On Wed, Sep 10, 2008 at 03:21:20AM +0900, Roger Pack wrote:
> > I much prefer 'location', because it is something that every Ruby
> > implementation can provide. iseq is super super low-level, and we
> > should think hard about the API before calling it public.
> 
> True.  I suppose my suggestion was a little bit MRI-centric after all :)
> 
> Could I then also make a request for a few MRI specific functions, either
> 
> >> p = proc { |n| n + 2 }
> => #<Proc:...>
> >> RubyVM::InstructionSequence.disassemble p # this doesn't currently work

With ruby-internal (http://github.com/cout/ruby-internal) you can do this:

irb(main):001:0> require 'internal/proc'
=> true
irb(main):002:0> p = proc { |n| n + 2 }
=> #<Proc:0x40275ed0@(irb):2>
irb(main):003:0> puts p.body.disasm
== disasm: <ISeq:block (3 levels) in irb_binding@(irb)>=================
== catch table
| catch type: redo   st: 0000 ed: 0006 sp: 0000 cont: 0000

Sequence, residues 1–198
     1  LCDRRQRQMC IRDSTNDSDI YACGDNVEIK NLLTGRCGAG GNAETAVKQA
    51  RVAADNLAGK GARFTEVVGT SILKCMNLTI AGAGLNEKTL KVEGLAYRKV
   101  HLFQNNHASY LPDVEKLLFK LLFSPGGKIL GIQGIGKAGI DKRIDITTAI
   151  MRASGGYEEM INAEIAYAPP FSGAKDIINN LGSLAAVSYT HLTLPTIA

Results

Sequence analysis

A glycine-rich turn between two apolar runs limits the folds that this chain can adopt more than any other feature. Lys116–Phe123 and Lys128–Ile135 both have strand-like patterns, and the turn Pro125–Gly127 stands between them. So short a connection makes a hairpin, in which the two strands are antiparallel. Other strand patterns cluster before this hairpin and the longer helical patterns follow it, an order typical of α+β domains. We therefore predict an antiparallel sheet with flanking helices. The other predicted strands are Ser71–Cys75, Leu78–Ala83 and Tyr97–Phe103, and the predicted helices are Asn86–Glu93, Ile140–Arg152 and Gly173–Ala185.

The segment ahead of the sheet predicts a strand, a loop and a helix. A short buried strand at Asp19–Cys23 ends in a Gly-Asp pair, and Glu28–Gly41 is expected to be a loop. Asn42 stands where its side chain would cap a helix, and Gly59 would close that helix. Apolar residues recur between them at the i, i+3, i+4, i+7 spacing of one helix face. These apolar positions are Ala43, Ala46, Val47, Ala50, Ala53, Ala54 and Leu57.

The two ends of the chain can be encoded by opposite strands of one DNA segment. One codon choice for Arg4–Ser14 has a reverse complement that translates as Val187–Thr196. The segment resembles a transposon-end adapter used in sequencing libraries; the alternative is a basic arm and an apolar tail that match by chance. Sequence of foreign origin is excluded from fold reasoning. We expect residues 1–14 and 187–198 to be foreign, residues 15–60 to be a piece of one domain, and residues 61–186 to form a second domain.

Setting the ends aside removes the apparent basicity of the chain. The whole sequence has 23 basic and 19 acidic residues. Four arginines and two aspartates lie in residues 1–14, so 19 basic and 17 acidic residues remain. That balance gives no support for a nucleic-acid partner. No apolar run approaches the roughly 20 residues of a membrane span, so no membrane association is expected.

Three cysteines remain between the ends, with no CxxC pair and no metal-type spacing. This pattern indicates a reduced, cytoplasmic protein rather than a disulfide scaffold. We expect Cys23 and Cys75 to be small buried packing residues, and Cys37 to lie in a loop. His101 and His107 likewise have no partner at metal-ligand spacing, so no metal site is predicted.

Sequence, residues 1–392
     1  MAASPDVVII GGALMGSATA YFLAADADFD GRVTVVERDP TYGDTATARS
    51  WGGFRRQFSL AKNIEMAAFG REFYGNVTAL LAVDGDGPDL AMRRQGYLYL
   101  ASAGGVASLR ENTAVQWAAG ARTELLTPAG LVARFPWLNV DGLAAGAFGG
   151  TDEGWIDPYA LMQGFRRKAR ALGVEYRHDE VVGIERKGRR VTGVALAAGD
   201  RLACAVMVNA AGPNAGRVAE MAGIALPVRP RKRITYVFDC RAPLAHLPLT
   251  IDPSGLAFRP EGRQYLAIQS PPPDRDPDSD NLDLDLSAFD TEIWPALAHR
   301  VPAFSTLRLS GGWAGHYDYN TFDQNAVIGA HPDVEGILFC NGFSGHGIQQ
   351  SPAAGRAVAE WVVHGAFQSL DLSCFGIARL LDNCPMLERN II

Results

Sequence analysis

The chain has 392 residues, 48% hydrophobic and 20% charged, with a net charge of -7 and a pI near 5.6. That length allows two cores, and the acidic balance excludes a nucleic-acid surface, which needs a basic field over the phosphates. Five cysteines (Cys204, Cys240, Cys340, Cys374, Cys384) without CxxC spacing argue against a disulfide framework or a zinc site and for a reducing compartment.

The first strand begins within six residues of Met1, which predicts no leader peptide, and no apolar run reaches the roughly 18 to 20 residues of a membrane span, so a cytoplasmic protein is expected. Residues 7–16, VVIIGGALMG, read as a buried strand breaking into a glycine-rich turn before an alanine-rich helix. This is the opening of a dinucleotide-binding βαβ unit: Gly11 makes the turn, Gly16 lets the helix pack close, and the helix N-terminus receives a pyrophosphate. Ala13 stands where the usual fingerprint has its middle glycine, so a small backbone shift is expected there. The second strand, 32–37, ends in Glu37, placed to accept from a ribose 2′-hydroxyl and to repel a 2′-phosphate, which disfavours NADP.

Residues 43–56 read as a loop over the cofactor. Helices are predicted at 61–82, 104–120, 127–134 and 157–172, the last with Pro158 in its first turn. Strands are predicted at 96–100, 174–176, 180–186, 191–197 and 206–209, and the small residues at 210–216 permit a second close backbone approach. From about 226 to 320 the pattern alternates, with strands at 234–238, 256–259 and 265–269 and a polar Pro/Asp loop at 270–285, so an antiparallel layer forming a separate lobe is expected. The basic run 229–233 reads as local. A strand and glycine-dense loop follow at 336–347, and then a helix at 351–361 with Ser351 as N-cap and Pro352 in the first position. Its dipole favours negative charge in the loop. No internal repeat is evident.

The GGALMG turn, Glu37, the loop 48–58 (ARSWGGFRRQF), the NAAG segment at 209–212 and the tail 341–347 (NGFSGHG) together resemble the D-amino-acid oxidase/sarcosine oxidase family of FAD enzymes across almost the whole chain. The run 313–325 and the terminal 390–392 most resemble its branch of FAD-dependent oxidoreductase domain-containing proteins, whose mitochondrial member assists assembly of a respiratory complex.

| catch type: next   st: 0000 ed: 0006 sp: 0000 cont: 0006
|------------------------------------------------------------------------
local table (size: 1, argc: 1 [opts: 0, rest: -1, post: 0, block: -1] s3)
[ 1] n<Arg>
0000 getdynamic       n, 0                                            (   2)
0003 putobject        2
0005 opt_plus
0006 leave
=> nil

> 
> or the before mentioned
> Proc#iseq
> (Unbound)Method#iseq [see [1]]
> 
> These would yield some very welcome functionality for projects like
> [2,3,4]  since it would allow users to potentially parse blocks [and
> rewrite them] before executing them, which has some strong potential.
> This is available in 1.8.x because the AST is made available to c
> functions, but not (yet) for 1.9.

AFAICT the AST is discarded once the method is compiled to bytecode.

Paul